We regard this as a work in progress. We certainly do not believe that this question has been settled. That is why we are keeping it under constant review. That is why we said in our review that we believe authorities must take a precautionary approach to this. That is what we do say in medicine anyhow, but this is very important here because of the very early stage of the scientific literature. In any area we make statements on, we are robust, we are used to being criticised from all sorts of directions and we cannot be responsible for the use that others make of the literature as you would be aware.

The main thing I wanted to say is that, if there are ill effects, that is a very important thing for the NHMRC. We have not done something and walked away, we are keeping it under review and we would expect that as the literature matures and becomes more advanced and there are better studies that the possible ill effects will emerge strongly. I think you will recognise that we have said that if people do believe that they are suffering from ill effects, they should see their doctor because we need to build up the evidence about the occurrence of this and people who are feeling unwell should see their doctor anyhow.

Senator FIELDING —I understand and someone else may pick up that issue. I have one last area. As always this is a very tricky, very delicate area. Fairly or unfairly obviously when a statement has been made with certain caveats, which you have certainly put on that first statement, there are people who are going to say that it has over relied on industry linked or industry backed research. It is a real concern for a lot of people who want to get to the bottom of whether there are adverse health impacts caused by living close by to wind turbines. It is of huge concern and you are making some, I think, rightly qualified statements that we have to take a precautionary approach. It seems to me that that precaution may not be being taken because everyone is putting a very large weight on the NHMRC’s rapid review statement and saying that there are no adverse health impacts from living near wind turbines and everyone is just approving them on that basis. That is of huge concern to me.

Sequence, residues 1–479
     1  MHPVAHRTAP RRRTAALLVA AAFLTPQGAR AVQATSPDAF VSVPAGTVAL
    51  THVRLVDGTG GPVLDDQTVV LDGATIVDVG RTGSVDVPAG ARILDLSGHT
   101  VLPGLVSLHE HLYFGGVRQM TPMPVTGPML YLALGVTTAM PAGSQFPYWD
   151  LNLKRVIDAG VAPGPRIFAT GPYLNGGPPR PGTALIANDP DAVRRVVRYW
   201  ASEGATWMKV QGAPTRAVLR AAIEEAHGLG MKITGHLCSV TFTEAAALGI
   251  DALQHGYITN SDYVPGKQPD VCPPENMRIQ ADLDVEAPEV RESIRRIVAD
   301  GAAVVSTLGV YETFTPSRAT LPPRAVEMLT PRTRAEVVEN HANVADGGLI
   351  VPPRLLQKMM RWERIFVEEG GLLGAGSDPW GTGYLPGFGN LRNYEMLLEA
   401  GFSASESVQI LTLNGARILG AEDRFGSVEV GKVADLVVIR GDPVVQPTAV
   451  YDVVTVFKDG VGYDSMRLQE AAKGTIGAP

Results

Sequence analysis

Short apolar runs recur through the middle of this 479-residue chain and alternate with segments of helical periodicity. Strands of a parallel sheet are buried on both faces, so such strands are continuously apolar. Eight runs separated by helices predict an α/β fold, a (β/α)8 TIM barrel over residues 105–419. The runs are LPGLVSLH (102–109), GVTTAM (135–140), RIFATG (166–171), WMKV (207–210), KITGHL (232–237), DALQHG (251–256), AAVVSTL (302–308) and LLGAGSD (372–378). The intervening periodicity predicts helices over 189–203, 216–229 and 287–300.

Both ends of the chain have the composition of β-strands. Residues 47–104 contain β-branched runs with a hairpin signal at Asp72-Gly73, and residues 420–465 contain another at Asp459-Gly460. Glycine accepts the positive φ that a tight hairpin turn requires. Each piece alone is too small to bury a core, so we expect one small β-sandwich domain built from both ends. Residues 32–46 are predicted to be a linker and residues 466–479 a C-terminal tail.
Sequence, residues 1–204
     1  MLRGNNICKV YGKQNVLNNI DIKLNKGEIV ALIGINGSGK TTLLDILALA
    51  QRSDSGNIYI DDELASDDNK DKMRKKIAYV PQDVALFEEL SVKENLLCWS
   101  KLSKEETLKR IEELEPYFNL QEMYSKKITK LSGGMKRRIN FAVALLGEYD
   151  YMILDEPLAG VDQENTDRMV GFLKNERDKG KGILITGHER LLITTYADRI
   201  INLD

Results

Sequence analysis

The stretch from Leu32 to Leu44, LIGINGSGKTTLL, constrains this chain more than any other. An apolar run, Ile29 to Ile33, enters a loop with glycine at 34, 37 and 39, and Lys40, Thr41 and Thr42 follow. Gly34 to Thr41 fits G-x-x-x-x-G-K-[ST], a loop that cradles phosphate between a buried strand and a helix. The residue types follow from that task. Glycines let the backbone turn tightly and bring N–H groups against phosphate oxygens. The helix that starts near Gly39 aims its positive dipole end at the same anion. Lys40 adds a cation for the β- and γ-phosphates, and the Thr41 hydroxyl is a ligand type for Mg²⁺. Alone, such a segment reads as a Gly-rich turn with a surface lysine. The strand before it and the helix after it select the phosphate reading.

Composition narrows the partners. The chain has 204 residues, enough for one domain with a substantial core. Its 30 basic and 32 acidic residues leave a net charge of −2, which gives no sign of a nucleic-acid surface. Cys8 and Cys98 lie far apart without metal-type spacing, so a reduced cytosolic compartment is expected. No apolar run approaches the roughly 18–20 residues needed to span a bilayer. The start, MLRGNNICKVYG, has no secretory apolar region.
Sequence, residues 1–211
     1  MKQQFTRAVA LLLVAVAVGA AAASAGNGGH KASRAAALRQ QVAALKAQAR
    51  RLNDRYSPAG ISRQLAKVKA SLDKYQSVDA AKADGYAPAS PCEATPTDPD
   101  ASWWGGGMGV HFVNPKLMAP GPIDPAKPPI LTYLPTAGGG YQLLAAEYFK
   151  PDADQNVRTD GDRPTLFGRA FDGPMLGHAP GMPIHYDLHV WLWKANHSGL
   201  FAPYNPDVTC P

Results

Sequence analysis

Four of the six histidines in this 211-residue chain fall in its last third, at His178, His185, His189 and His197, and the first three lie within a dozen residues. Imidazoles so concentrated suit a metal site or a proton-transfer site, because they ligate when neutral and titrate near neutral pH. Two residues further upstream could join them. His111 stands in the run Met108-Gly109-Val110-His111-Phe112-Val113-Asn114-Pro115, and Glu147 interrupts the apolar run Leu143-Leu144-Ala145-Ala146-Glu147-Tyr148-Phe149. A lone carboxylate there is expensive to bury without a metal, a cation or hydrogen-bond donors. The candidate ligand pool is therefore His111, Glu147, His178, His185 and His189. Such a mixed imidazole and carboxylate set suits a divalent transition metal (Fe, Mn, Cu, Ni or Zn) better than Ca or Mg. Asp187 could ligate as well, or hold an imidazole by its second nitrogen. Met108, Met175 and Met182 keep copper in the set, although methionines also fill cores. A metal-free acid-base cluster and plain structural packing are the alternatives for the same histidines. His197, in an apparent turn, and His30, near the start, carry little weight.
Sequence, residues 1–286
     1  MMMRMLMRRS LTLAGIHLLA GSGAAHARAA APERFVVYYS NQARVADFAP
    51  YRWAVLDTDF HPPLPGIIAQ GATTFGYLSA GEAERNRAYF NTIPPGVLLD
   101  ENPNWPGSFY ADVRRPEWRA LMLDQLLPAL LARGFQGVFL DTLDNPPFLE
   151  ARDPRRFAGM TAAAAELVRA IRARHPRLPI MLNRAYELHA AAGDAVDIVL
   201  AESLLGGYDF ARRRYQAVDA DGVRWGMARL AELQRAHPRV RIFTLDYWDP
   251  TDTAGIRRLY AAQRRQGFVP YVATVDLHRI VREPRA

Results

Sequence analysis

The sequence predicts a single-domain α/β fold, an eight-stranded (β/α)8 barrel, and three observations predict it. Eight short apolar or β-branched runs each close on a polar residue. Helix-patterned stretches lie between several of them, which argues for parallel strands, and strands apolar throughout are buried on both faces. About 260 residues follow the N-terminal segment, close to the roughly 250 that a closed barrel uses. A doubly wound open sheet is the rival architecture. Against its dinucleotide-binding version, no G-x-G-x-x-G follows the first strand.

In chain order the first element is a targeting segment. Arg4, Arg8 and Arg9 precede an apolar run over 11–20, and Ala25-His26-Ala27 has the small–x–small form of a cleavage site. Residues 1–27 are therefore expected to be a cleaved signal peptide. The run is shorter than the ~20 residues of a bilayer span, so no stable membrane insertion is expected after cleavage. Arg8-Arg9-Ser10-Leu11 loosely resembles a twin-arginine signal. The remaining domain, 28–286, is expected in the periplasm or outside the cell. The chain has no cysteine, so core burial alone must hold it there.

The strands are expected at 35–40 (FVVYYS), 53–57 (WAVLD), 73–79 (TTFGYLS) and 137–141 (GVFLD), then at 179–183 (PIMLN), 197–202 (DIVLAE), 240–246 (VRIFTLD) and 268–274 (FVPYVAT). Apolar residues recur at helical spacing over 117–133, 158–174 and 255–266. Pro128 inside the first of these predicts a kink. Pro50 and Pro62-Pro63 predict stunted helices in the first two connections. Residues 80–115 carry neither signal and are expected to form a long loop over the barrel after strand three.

Prof Anderson —I know that the headline on that public statement says that, but the document does not say that. It did say that there was no published scientific evidence at that stage to positively link the two. That is a very different thing to saying that there are no ill effects and we do not say that there are no ill effects. We definitely do not say it that way. I guess we felt a little bit damned if you do and damned if you don’t because there had been no statement about it. We were aware, because of our council’s concern about this, that there was growing concern. We are certainly aware of it more generally and we felt that, given our council had asked us to address it and given that we had looked at the public literature at that time, it would have been irresponsible then to be silent on it. We were aware that it came with that sort of impact so early on. I am trying to emphasise that the council takes its responsibility very seriously and we will keep this under constant review because of the very large public interest in it. As you are implying if there are ill effects they are really very important. All we can do is make a statement on the basis of what was available in the public domain with a gradation across that on its reliability and call it as we saw it at the time.

Prof. McCallum —Could I make a quick comment?

Senator FIELDING —You probably can. I am sorry that I am being so rushed, I do have to leave but the other senators will probably follow on from some of those discussions.

CHAIR —Mr McCallum, yes, of course you can make a statement.

Prof. McCallum —It is in relation to the use of industry funded research. The critical factor for us in what is a sparse literature field was that the evidence had been peer reviewed. Professor Anderson has indicated that industry funded research will appear in various systematic reviews but the critical factor is that it is peer reviewed so to get if you like a different answer to this question it will need new evidence that is scientific and peer reviewed that does show a positive impact on health from wind turbines. That is really where the field has to advance to to get to that question.

Senator ADAMS —You did not hear the witness before. There will be a transcript of evidence from the Oil Mallee Association. They had a number of adverse comments about your literature, so I think it would be very good for you to read that. The other thing I would like to follow up is the conclusion in your rapid response paper, right at the bottom of page 8. We have had a number of developers come before the committee and they have relied so much on this. You say:

This review of the available evidence, including journal articles, surveys, literature reviews and government reports, supports the statement that: There are no direct pathological effects from wind farms and that any potential impact on humans can be minimised by following existing planning guidelines.